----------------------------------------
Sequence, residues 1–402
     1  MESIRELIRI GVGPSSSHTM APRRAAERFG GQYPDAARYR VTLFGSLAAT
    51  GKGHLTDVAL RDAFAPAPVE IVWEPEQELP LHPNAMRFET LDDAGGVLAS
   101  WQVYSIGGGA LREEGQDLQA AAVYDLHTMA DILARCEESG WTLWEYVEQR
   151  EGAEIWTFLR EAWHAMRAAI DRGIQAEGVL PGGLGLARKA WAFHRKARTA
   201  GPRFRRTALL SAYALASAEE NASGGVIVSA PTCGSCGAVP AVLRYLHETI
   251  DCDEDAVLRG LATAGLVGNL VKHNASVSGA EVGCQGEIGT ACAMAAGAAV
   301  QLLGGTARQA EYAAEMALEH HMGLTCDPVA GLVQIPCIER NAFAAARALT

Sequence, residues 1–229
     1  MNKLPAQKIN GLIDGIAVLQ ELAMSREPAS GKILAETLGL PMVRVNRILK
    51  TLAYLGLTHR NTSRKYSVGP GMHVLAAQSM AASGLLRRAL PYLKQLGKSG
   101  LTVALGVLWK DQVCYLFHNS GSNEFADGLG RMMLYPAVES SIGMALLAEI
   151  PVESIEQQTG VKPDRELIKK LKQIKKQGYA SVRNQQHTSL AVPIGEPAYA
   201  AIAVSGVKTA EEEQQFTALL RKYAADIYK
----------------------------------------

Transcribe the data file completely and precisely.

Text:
Sequence, residues 1–402
     1  MESIRELIRI GVGPSSSHTM APRRAAERFG GQYPDAARYR VTLFGSLAAT
    51  GKGHLTDVAL RDAFAPAPVE IVWEPEQELP LHPNAMRFET LDDAGGVLAS
   101  WQVYSIGGGA LREEGQDLQA AAVYDLHTMA DILARCEESG WTLWEYVEQR
   151  EGAEIWTFLR EAWHAMRAAI DRGIQAEGVL PGGLGLARKA WAFHRKARTA
   201  GPRFRRTALL SAYALASAEE NASGGVIVSA PTCGSCGAVP AVLRYLHETI
   251  DCDEDAVLRG LATAGLVGNL VKHNASVSGA EVGCQGEIGT ACAMAAGAAV
   301  QLLGGTARQA EYAAEMALEH HMGLTCDPVA GLVQIPCIER NAFAAARALT

Sequence, residues 1–229
     1  MNKLPAQKIN GLIDGIAVLQ ELAMSREPAS GKILAETLGL PMVRVNRILK
    51  TLAYLGLTHR NTSRKYSVGP GMHVLAAQSM AASGLLRRAL PYLKQLGKSG
   101  LTVALGVLWK DQVCYLFHNS GSNEFADGLG RMMLYPAVES SIGMALLAEI
   151  PVESIEQQTG VKPDRELIKK LKQIKKQGYA SVRNQQHTSL AVPIGEPAYA
   201  AIAVSGVKTA EEEQQFTALL RKYAADIYK